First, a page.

Learning the right way to sit is an important step in building your meditation practice.
Even though lotus pose is a popular meditation posture, it can be a hindrance if you’re not flexible enough to do it the right way.
I recommend starting with something easy and familiar: sitting on a chair, kneeling, or lying down. These three options are easy to maintain for 10 or 20 minutes, especially if you’re not sure how long to meditate.
3 Best Meditation Poses for Beginners
In this post, I’ll use an educational video created by Mental Workout to show you the best way to position your body when you practice mindful breathing.
1. Sitting on a chair
Unless you’re particularly flexible, the best position is to sit comfortably on a straight-backed desk or a kitchen chair. Cushy arm chairs aren’t recommended because their contours make it hard to sit up straight.
Sit toward the front of the chair with your feet planted firmly on the floor. Resist the temptation to slouch or lean in any direction: It’s best to sit with your back comfortably erect without external support. You can rest your hands on your thighs, palms up or down, or you can clasp or fold them in your lap.
Close your eyes or keep them half open, looking down just enough to allow in some light, but not enough to distract you. If you find it difficult to sit up straight, you can experiment with adding a cushion to raise your sitz bones, so your butt is slightly higher than your knees. This helps tilt the pelvis forward, encourages the natural curvature of the spine, and facilitates easy open breathing.
The key here is not too tight and not too loose. Just maintain the right amount of muscle tone to keep your body comfortably straight. If you like, you can imagine that you’re a mountain, with your base firmly rooted in the earth and your peak rising upward toward the sky.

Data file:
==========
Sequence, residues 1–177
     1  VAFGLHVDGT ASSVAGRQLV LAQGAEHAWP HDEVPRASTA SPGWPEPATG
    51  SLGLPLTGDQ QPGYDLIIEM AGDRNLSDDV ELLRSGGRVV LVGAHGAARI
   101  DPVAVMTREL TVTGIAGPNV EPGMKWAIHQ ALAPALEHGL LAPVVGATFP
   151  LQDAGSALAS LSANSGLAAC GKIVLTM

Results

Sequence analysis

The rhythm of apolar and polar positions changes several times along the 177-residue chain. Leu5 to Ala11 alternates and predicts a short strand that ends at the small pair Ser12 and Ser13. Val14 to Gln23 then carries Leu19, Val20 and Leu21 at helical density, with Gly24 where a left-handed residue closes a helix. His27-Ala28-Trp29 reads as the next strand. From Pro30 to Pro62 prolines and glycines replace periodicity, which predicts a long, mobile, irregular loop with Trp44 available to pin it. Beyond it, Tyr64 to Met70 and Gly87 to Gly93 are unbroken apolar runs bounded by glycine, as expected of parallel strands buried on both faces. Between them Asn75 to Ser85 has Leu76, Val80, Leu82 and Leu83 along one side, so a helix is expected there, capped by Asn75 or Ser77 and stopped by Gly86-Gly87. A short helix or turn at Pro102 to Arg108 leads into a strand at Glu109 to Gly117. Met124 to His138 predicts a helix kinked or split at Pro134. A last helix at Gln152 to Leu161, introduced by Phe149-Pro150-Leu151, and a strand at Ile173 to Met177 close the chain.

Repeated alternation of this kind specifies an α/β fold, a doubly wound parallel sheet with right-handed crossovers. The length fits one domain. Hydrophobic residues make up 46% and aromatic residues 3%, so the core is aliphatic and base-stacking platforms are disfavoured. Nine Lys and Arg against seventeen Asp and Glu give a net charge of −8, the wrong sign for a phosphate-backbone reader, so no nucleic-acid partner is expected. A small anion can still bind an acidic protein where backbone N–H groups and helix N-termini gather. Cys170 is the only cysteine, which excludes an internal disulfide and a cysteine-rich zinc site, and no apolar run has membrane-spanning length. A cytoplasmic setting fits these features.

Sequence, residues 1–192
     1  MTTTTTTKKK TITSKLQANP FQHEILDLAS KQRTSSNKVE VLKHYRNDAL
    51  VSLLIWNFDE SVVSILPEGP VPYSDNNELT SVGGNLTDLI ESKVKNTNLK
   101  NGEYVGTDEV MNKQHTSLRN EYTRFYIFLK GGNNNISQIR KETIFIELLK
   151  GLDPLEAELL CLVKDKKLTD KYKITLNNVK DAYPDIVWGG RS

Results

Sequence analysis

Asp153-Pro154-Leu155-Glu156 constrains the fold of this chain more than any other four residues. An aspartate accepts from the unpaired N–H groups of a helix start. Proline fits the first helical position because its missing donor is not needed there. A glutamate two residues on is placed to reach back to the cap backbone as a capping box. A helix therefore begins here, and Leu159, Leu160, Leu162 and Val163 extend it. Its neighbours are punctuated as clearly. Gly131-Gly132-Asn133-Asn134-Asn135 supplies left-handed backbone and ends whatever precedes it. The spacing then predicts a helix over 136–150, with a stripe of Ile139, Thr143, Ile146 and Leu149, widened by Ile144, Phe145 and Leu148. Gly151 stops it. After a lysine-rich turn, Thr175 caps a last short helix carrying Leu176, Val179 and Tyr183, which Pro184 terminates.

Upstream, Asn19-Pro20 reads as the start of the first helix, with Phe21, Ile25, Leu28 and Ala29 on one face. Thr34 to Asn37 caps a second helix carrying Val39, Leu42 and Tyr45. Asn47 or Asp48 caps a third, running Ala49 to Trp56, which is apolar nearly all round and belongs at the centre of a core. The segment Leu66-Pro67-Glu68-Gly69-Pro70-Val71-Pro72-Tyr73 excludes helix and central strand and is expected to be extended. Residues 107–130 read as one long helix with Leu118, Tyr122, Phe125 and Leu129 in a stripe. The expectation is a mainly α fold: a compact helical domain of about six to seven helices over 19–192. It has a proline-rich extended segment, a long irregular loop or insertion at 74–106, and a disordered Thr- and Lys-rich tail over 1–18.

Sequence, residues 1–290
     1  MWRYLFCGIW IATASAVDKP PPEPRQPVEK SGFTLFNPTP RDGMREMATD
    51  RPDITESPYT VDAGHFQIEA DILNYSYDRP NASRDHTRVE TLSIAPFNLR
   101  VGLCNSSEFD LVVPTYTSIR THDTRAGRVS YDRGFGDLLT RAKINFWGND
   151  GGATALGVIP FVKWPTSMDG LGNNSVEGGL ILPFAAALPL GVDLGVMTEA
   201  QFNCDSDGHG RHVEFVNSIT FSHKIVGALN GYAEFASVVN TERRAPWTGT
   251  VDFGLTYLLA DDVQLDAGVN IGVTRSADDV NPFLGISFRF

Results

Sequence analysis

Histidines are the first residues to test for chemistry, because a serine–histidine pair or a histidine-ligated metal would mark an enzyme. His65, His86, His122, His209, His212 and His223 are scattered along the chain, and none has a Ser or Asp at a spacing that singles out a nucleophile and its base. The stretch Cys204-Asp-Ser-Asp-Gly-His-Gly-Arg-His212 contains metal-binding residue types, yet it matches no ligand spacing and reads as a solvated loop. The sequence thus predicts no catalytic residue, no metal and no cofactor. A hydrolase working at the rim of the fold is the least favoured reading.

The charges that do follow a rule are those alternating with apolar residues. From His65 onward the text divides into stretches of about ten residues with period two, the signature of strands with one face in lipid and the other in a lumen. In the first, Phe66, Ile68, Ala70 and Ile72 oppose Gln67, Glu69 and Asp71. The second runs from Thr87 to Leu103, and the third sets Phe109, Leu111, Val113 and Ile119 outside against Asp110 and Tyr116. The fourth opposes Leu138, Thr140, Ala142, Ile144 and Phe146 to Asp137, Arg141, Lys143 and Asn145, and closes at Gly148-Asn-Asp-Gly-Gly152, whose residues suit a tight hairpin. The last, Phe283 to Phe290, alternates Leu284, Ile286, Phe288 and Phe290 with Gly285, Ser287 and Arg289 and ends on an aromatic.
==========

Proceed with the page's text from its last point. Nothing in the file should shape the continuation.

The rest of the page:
One other sitting option is the kneeling position.
Begin by finding a cushion that works well for you. It should give you enough height that you can keep your back comfortably straight without effort or strain.
Place a cushion between your legs and sit back down. Don’t put too much pressure on your knees and if they start to hurt, best to shift to another position.
3. Lying down
If none of the sitting positions works well for you, you can meditate lying down. Just lie on your back on a soft, firm surface with your arms at your sides, and your palms facing upwards. Best to do this in the morning to avoid the temptation to fall asleep.
Whatever position you take, let your breathing be natural and gradually bring your attention to your breath.
Try Cross-Legged Position When You’re Ready
If you’re relatively flexible, you can explore sitting on the floor in the classic cross-legged position.
Cross your legs in front of you, one in front of the other on the floor. In general, when you sit for long periods of time without moving, you’ll invariably feel some discomfort. Resist the temptation to shift every time you’re uncomfortable and remain sitting in the midst of the discomfort as much as you can.
This will build up your endurance and your ability to be with uncomfortable situations in every area of your life. At the same time, if you get to the point where you’re just unbearably uncomfortable, by all means, shift your position to a more comfortable one. You don’t want to end up pushing yourself too hard and disliking your meditation practice.
Again, not too tight, not too loose. If you have difficulty touching your knees to the floor, you can put cushions under them for support. But don’t sit with your knees in the air and your back rounded, as some people do. It’s not good for your back and inhibits your breathing. Better to sit on a chair.
Video Instructions for Meditation Postures
Try each of these options and decide which one you like the most. The best meditation posture will cause you minimal physical discomfort while also helping you meditate for longer periods of time. Download the free worksheet below to get started today.
Hi, I’m Gavril, the guy behind this blog. What you see here is the combination of my three favorite things: reading, writing, and mindfulness. While you’re here, subscribe to my blog updates and gain access to free mindfulness resources for stress relief.